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I have been trying these code but there is something wrong. I simply want to know if the first string is alphabetical.

def alp(s1):
    s2=sorted(s1)
    if s2 is s1:
        return True
    else:
        return False

This always prints False and when i say print s1 or s2, it says "NameError: name 's1' is not defined"

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On which line do you get this error? – inspectorG4dget Nov 19 '12 at 15:36
    
Print s1 - This the line – billwild Nov 19 '12 at 15:37
up vote 5 down vote accepted

is is identity testing which compares the object IDs, == is the equality testing:

In [1]: s1 = "Hello World"
In [2]: s2 = "Hello World"

In [3]: s1 == s2
Out[3]: True

In [4]: s1 is s2
Out[4]: False

Also note that sorted returns a list, so change it to:

if ''.join(s2) == s1:

Or

if ''.join(sorted(s2)) == s1:
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Nothing is changed the same result – billwild Nov 19 '12 at 15:38
    
@billwild maybe the string is not sorted :) – mux Nov 19 '12 at 15:39
    
@mux: sorted returns list – SilentGhost Nov 19 '12 at 15:40
    
@SilentGhost I see, thanks fixed. – mux Nov 19 '12 at 15:41
    
@billwild check the update – mux Nov 19 '12 at 15:41

You could see this answer and use something which works for any sequence:

all(s1[i] <= s1[i+1] for i in xrange(len(s1) - 1))

Example:

>>> def alp(s1):
...     return all(s1[i] <= s1[i+1] for i in xrange(len(s1) - 1))
...
>>> alp("test")
False
>>> alp("abcd")
True
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This works since strings are indexible. It wouldn't work on arbitrary iterables however: iter('foobar'). That aside, I think this is a great answer -- Much better than sorting. +1 – mgilson Nov 19 '12 at 15:46
    
This one is remarkable – billwild Nov 19 '12 at 15:50

I would do it using iter to nicely get the previous element:

def is_ordered(ss):
   ss_iterable = iter(ss)
   try:
       current_item = next(ss_iterable)
   except StopIteration:
       #replace next line to handle the empty string case as desired.
       #This is how *I* would do it, but others would prefer `return True`
       #as indicated in the comments :)
       #I suppose the question is "Is an empty sequence ordered or not?"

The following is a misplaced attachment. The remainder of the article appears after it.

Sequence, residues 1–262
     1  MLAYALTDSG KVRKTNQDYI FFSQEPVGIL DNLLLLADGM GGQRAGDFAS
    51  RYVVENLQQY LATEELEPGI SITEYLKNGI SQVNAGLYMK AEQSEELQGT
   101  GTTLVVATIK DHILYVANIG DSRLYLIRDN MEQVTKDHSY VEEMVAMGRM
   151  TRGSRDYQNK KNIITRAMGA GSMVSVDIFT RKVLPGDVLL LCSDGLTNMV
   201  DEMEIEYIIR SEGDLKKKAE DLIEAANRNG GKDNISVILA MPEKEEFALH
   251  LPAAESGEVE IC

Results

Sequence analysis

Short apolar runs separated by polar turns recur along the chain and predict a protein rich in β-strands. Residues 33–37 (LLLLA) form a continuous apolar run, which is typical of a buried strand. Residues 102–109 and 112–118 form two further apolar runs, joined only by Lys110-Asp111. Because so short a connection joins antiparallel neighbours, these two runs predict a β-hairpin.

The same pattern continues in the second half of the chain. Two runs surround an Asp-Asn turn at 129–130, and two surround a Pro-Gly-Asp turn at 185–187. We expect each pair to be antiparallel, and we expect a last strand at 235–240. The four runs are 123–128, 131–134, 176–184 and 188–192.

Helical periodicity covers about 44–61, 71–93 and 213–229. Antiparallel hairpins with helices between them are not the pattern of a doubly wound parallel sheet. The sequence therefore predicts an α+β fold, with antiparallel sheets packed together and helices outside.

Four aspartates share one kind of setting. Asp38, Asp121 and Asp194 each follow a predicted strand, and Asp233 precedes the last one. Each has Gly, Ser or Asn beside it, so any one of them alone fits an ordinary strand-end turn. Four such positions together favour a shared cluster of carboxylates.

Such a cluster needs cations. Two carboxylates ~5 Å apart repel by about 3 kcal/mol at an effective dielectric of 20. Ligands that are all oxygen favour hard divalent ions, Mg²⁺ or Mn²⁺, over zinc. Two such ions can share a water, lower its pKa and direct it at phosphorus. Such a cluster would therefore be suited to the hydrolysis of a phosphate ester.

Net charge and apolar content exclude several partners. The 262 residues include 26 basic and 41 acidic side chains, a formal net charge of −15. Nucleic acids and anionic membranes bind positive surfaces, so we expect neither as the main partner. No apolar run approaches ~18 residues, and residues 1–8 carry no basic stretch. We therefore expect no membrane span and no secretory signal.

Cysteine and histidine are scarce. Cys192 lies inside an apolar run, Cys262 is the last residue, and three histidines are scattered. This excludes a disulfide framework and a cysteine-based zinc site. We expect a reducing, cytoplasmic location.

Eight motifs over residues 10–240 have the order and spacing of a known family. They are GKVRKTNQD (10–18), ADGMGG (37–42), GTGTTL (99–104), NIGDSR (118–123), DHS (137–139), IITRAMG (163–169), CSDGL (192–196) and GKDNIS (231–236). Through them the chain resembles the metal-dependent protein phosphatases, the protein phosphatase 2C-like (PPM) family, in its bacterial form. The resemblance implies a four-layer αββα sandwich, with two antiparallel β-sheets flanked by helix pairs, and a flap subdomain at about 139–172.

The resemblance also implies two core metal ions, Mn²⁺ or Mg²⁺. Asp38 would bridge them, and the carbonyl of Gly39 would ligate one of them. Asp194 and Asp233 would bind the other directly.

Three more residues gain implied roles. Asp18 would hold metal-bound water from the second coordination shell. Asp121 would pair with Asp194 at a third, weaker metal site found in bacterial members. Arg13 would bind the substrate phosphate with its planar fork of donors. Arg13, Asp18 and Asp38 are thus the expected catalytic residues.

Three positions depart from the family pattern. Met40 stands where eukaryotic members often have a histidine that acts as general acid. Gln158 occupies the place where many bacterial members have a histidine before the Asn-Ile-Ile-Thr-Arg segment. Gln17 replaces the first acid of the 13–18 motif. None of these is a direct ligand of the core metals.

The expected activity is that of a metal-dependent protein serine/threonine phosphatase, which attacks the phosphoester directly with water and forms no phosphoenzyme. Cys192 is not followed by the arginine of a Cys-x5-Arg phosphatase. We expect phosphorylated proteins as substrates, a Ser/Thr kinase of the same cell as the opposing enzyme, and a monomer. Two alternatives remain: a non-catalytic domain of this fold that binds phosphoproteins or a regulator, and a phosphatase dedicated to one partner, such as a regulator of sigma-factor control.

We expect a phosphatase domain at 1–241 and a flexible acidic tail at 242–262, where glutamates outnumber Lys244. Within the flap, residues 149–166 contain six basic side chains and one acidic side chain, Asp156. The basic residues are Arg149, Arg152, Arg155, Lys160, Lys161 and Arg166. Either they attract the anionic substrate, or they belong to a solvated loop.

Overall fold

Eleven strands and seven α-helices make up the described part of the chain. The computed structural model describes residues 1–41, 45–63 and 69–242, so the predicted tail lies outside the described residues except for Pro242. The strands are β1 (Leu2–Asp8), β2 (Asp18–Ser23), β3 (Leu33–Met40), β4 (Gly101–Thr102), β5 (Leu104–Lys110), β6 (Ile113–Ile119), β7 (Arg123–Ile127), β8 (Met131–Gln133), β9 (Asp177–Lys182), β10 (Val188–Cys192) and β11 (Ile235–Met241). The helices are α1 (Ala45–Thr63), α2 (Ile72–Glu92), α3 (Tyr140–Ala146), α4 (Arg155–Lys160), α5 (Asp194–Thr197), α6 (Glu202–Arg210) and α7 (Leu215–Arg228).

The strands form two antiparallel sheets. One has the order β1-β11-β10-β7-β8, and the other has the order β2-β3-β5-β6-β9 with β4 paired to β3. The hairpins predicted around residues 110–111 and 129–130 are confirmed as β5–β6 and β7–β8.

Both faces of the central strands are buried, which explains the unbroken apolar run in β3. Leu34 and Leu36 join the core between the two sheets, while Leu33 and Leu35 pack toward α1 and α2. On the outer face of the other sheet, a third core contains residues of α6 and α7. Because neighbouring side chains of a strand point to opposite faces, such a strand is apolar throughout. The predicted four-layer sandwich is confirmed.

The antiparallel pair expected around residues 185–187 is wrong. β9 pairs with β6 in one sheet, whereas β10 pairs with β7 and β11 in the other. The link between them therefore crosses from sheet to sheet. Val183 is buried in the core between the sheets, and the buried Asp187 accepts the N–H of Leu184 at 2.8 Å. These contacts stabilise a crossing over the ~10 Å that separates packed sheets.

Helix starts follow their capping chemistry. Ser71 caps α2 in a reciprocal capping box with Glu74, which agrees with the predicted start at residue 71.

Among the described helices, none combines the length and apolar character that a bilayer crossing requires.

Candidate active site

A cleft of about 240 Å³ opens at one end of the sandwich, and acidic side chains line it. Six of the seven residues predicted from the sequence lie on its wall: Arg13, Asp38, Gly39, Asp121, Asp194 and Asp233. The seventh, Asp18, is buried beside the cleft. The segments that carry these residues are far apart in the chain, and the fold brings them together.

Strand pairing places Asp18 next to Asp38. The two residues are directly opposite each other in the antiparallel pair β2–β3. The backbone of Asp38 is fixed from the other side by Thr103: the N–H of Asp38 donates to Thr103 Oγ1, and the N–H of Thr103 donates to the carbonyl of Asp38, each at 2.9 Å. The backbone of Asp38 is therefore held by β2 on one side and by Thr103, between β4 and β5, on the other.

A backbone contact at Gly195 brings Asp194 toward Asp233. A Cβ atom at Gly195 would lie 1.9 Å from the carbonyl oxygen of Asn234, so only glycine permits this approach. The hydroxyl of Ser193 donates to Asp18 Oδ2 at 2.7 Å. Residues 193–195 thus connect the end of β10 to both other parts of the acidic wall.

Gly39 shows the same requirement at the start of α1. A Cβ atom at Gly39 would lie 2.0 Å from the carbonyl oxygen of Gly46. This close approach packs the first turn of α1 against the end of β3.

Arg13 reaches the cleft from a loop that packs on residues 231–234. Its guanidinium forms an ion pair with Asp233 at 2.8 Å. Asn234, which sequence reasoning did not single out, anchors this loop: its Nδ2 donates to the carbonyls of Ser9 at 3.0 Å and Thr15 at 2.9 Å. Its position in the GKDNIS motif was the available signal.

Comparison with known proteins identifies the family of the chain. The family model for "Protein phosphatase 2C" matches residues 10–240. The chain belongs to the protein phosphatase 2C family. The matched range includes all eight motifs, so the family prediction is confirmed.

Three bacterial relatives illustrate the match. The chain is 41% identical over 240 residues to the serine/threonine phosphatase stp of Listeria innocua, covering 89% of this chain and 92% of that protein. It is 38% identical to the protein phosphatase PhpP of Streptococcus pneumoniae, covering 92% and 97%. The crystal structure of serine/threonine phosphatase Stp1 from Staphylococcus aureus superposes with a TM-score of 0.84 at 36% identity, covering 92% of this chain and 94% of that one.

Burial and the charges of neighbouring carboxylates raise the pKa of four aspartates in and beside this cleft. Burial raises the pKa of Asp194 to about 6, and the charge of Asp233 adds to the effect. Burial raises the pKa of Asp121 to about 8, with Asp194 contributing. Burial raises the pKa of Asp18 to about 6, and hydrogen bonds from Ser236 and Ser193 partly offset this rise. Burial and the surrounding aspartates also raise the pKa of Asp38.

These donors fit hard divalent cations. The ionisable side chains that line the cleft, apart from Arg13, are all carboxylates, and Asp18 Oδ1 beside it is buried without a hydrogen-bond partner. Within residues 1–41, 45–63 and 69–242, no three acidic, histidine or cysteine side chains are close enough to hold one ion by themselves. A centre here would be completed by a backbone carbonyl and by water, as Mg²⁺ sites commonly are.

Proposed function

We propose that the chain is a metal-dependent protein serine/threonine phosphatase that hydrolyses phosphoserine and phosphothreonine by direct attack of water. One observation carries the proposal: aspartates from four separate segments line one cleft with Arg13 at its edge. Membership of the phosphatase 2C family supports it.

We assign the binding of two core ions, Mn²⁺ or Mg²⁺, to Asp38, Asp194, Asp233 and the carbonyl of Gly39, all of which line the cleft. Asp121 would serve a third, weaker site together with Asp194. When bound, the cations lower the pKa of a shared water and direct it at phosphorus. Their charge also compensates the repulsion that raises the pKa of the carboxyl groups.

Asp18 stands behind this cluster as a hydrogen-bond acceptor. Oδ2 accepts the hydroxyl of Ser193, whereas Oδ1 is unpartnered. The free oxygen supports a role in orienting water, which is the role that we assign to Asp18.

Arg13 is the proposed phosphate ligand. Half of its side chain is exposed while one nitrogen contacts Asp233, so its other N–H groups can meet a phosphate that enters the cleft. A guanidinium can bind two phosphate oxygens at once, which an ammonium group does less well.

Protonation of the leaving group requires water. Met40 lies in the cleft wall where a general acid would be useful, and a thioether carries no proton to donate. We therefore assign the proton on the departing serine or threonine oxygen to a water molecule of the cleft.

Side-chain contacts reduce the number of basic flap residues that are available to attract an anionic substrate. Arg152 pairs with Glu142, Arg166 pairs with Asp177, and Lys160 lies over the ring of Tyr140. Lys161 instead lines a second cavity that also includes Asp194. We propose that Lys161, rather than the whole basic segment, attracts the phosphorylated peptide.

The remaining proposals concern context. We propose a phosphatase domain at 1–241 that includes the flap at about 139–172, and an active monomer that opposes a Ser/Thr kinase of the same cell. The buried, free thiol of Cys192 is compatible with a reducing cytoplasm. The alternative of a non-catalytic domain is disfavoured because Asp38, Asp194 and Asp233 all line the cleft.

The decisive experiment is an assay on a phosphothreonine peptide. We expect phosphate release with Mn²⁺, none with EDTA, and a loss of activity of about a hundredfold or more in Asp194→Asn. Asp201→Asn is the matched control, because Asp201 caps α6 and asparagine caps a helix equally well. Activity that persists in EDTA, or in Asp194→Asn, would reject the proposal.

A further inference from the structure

raise ValueError("Undefined result.  Cannot accept empty iterable")

   for next_item in ss_iterable:
       if next_item < current_item:
           return False
       current_item = next_item
   return True

This answer has complexity O(n) in the absolute worst case as opposed to the answers which rely on sort which is O(nlogn).

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2  
+1 - can't argue with the better complexity :) – RocketDonkey Nov 19 '12 at 15:47
    
prev = next reads weird... – Thijs van Dien Nov 19 '12 at 15:54
    
@tvdien -- It does read a little strange. I'll happily accept proposals for better variable names :) – mgilson Nov 19 '12 at 15:56
    
I improved the readability and accounted for the case of an empty sequence. – Thijs van Dien Nov 19 '12 at 16:24
    
@tvdien -- I liked the edit, but I don't think that the case of an empty sequence should be accounted for since I don't think there is any reasonable default behavior to have. I suppose maybe raising a ValueError would be appropriate, but I didn't like having pass in there (effectively returning None) which would behave like False in a conditinal test where this is likely to be used ... – mgilson Nov 19 '12 at 16:27

Make sure that you are comparing strings with strings:

In [8]: s = 'abcdef'

In [9]: s == ''.join(sorted(s))
Out[9]: True

In [10]: s2 = 'zxyw'

In [11]: s2 == ''.join(sorted(s2))
Out[11]: False

If s1 or s2 is a string, sorted will return a list, and you will then be comparing a string to a list. In order to do the comparison you want, using ''.join() will take the list and join all the elements together, essentially creating a string representing the sorted elements.

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Why the second one is False – billwild Nov 19 '12 at 15:41
    
@billwild Because we are comparing zxyw and wxyz, and since s2 is not alphabetical (i.e. equal to wxyz), we get False – RocketDonkey Nov 19 '12 at 15:42
    
Easy way +1 from me – Jon Clements Nov 19 '12 at 16:01

use something like this:

sorted() returns a list and you're trying to compare a list to a string, so change that list to a string first:

In [21]: "abcd"=="".join(sorted("abcd"))
Out[21]: True

In [22]: "qwerty"=="".join(sorted("qwerty"))
Out[22]: False

#comparsion of list and a string is False
In [25]: "abcd"==sorted("abcd")
Out[25]: False
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